Moment of Wakefulness
I am walking under a time-shattered bridge in the East End of London. Graffiti mottles the crumbling bricks with scrawled shapes, faded by the wind that whistles through the arches. The sun has been beating mercilessly all day like an army drummer, and now the air hum-buzzes with the electricity of an approaching storm.
I step over some broken bottles and flapping pieces of cardboard.
"Urban" I remark to Martin and Joe, who are picking their own ways through decaying litter about a metre ahead of me.
They both laugh gently and we continue walking.
Martin gestures towards an enormous red-brick building with cracked windows hinting at shadowed spaces behind. Letters that once declared things proudly now whisper, faint and blanched, of ceased industry, of machines switched off and jobs lost.
Some police tape flutters in the electric breeze while some bored-looking police officers field questions from the public about the most recent of London's myriad violent crimes, locking their dull eyes on the bleak street.
We step over the tape to get to the main door. Joe opens the front gate then stands, whispering curses, as he searches his key ring to open the second, then the third doors. Once through I am led down a concrete corridor peppered with heavy doors barricaded by thick black bars. We reach the one we are looking for. I shiver in the damp heat and imagine years of industrious clamour, now oddly silent.
The studio itself is like many others I have been in. Tangles of wires snake across the floor, scaling anything in their way. Huge speakers sit fatly, their surfaces so dark and ominous as to appear frictionless. Mattresses lean next to the bits of carpets tacked onto the concrete walls (attempts to improve the sound-proofing). Instruments lurk in corners waiting someone to release their latent noise. Empty beer cans jostle smudged newspapers whose headlines shriek yesterday's news, a Snicker's wrapper perches next to a bite mark-riddled coffee cup, victims all of some past late-night rock 'n' rolling.
Martin switches on the computer as Joe goes through the sorts of vocals he wants me to create for his track. "It is Northern soul." I nod, and listen to the recording a few times. A flash of worry momentarily blinds me. What if I have no idea how to write? Or sing? What if I am just a dreamer with a poorly-paid day job and an ocean of ambitions that will never be fulfilled?
As soon as the worry comes, though, it goes. I shake self-doubt from my mind, focus on the job in hand and smile. It is a good track.
Two hours later we have put down all the vocals. They are happy and I am happy. I reflect that the more I do this, the easier it gets. I was recommended as someone who could write and sing good vocals, and I am fairly sure that I have lived up to it. I am proud of my work.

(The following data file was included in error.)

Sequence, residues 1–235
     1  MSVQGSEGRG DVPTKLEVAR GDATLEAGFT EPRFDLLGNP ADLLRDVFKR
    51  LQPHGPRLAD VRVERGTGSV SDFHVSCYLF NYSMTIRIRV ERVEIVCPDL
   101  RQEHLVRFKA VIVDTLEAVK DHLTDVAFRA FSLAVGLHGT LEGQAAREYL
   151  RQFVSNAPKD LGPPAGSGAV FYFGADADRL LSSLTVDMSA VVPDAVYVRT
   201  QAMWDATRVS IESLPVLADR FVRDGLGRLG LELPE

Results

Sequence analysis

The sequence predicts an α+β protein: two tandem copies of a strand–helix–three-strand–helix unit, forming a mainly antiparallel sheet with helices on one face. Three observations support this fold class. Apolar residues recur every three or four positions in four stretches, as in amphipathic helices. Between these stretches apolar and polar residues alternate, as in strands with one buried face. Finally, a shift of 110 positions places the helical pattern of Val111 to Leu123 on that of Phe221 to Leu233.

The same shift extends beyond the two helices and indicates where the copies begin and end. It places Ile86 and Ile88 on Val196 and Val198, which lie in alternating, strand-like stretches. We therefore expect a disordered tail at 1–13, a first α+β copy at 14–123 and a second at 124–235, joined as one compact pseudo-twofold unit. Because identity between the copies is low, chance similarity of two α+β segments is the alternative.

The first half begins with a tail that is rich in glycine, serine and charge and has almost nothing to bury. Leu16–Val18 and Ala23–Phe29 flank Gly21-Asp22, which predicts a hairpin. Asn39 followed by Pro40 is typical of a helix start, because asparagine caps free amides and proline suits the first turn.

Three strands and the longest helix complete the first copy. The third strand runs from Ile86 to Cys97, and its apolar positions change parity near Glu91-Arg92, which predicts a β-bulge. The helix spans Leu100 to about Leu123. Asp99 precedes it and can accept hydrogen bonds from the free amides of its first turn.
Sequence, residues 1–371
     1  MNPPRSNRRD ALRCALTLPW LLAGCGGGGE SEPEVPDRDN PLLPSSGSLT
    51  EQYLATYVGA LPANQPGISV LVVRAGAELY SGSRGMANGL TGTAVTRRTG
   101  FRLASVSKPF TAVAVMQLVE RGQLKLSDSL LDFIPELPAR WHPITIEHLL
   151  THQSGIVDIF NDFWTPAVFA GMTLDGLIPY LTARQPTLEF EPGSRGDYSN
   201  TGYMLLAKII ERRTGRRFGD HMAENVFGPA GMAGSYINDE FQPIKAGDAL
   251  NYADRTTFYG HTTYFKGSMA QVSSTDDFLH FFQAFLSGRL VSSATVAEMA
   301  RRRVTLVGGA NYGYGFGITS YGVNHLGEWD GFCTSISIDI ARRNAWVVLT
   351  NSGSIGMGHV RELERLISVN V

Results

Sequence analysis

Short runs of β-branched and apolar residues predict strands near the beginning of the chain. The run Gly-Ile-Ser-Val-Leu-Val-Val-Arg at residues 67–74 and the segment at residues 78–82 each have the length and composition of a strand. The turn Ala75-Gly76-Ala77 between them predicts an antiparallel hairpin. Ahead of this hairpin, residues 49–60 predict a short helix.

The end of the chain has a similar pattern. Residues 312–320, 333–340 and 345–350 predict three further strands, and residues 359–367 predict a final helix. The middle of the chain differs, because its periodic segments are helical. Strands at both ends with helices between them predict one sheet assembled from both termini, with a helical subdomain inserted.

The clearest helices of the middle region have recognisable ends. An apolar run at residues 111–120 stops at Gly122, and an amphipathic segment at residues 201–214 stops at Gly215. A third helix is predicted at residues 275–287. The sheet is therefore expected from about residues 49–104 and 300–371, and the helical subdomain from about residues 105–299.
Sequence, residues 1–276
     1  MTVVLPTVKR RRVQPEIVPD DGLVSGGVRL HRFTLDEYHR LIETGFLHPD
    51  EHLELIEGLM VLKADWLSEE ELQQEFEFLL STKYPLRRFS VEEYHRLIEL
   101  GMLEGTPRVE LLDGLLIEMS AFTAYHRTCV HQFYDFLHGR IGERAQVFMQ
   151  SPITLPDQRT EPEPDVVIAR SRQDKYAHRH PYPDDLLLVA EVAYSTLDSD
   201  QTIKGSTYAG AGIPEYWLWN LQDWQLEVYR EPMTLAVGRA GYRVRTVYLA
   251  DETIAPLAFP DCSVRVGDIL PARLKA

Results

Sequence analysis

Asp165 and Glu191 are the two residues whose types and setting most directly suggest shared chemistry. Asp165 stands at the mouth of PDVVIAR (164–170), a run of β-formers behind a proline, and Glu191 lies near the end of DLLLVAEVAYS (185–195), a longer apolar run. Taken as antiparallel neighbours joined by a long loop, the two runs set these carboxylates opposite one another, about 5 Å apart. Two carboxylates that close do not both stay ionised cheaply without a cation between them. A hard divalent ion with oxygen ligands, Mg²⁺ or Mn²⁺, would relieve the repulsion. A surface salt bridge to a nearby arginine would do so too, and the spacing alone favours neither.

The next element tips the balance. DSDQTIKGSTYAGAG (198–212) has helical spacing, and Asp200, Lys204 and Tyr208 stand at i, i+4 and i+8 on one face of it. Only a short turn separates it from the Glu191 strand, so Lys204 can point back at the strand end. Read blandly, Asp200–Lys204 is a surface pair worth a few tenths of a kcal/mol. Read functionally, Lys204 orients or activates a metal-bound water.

We leave the studio. On the way back to the car I turn and look at towering factory, its edges now blurred by the summer darkness. The air fizzes. The police tape arches high as the wind flicks it carelessly back and forth. The building squats, aloof and alone.
As am I being driven to meet my sister (over from Paris for a fleeting visit), the view from my temp desk flickers behind my eyelids. I take a deep breath and hold it for a moment. Opening my eyes I expel both the breath and the image. No need to worry now, I think. In these moments I can visualise a life of living how I want, where I want and by the means I want. When I do a good job in the studio. When I sign that royalties contract next week, when I meet that person I am going to work with, in rehearsals and in lessons. At these times I can cope with all those hours of desk-dull banalities, of dealing with self-appointed Health and Safety officers and of zombie-like ticktockclock watching, disguised as a secretary, receptionist or bit of mindless office-candy. I can cope with all those hours if I live for those ephemeral moments when I can see my own potential, when I can tell that other people believe in me too, when creativity is queen.
As we drive away from the studio through the neon lights of the East End the skies begin to fling portly drops onto the windscreen. I lean back in my seat and think of the factory. Its red bricks that survive each metamorphosis, that, although weakened by the passing years, it remains standing. Blood spattered but not bowed.
I shake the thoughts from my over-indulgent mind and tear my eyes from the smeared fairground colours of the shops.
I turn to Martin.
"That was good" I say. "Now what's next?"